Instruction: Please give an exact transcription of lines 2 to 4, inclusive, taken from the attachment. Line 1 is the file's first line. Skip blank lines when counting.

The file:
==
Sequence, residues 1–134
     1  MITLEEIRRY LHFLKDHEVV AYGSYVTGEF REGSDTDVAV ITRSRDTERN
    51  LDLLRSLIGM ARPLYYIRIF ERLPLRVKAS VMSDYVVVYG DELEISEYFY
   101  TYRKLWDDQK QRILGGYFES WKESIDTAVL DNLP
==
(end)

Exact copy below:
     1  MITLEEIRRY LHFLKDHEVV AYGSYVTGEF REGSDTDVAV ITRSRDTERN
    51  LDLLRSLIGM ARPLYYIRIF ERLPLRVKAS VMSDYVVVYG DELEISEYFY
   101  TYRKLWDDQK QRILGGYFES WKESIDTAVL DNLP